PLOT: Three young adults (Thwaites, Knapp, Cooke) are captured by a strange government agency when trying to locate a hacker who has been trolling them.
WHO'S IT FOR? Viewers who like watching conspiracy films with only the illusion of high intelligence.
As hungry indie filmmakers clash for a fleeting part in the multiplex they yearn to someday star in, some put a feature film's worth of effort into what is unofficially titled the Calling Card Movie. A concept (not a categorization), the CCM is not to be associated with every debut or bigger break for directors trying to create public careers from their craft. These are the independent projects that take creative freedoms hostage, at the sake of a distinct filmmaking attitude or style, in order to market themselves for a bigger gig.
This week the CCM finds a strong example in The Signal, the second film by Love director William Eubank. A Sundance 2014 selection that is now playing at select theaters, Eubank specifically lowers a high concept to simple ideas to create something that is familiar and easy. It is less a reminder of the exploratory potential of non-studio film, but of what is playing next door at the multiplex, albeit with more of the simple thrills of action and explosions.
Not to be confused by its appetite for a twist, The Signal is a very directly told story with tidy characters, like Thwaites' Nic (whose cerebral palsy is the film's only creative spark, and is snuffed out by the end) to Beau Knapp's sidekick with glasses, to the third member and love interest (Olivia Cooke) whom Tim Negoda would designate as "The Girl." It begins with the slow-burning vagueness like smaller-budgeted DIY films like Mike Cahill's Another Earth or Zal Batmanglij's The Sound of My Voice, but becomes more point blank than both of those films combined, even with The Signal's open door conclusion. The Signal uses the delicate concept of mystery just to fill in attention span gaps, utilizing post-Spielberg paranoia where CGI spectacle is not present. With numerous scenes misguided in this film because of their lack of tension, these model moments practically flash budget signs that promise a more sophisticated, popular thrill if only some money were involved. Visually, The Signal stands out with a few slow motion shots of anguished action, which arrive at the third act. But even those are packaged like teasers of what Eubank could only do with a superhero movie, or most specifically a supped-up remake of WarGames.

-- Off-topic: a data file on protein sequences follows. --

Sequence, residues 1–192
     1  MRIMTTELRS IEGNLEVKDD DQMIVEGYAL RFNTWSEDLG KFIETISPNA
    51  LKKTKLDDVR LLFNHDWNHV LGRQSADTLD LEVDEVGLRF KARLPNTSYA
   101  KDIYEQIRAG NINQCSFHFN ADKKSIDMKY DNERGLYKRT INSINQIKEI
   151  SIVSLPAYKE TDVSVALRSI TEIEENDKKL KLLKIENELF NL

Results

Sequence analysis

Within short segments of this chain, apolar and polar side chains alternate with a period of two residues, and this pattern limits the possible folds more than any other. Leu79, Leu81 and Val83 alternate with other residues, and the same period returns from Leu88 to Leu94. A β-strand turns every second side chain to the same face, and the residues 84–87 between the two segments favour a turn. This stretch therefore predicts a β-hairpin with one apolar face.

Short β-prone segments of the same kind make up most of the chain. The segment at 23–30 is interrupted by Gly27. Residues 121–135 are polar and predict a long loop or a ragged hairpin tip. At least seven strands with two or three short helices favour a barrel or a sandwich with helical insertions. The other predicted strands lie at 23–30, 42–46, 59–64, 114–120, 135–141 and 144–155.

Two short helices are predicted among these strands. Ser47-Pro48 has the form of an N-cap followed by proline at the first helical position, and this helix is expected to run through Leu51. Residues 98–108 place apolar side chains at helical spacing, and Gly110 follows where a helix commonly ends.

For what twists this movie does offer, of which I will try to survey tactfully, the "challenging" idea of this movie stays within very stable grounds. The twists are remarkably simple, not only in their ease but in their mistaken cleverness, banking on a viewer's astonishment at surprise elementary school math, or in not remembering the name of the town in Troll 2. Either Eubank has made this faux-intellectual piece of sci-fi for a very simple viewing experience, or more specifically he has made it for two entities that control the big bucks of Movie Land - crusty Hollywood honchos looking to find the Steve Madden to their Jordan Belfort, and even powerful, the moviegoing public, who have earned a negative but not entirely true image of only accepting that which is like something else. The Signal recognizes that latter feature about the general audience and stubbornly plays to it.
A sales pitch from a smart guy lowering himself to be like others, The Signal is the The Kings of Summer from last year, a CCM that speaks to familiarity in its tone, and treats style as a cycle. Eubank and other CCM directors of past and present obviously have every right to make a film for whatever intention they may so desire, but their inclinations to use such artistic freedom to such horizontal ends is admittedly disheartening. The conspiracy of The Signal is not that of some hacker tracking down kids, but of someone sabotaging himself to secure a questionable future.
FINAL SCORE: 4/10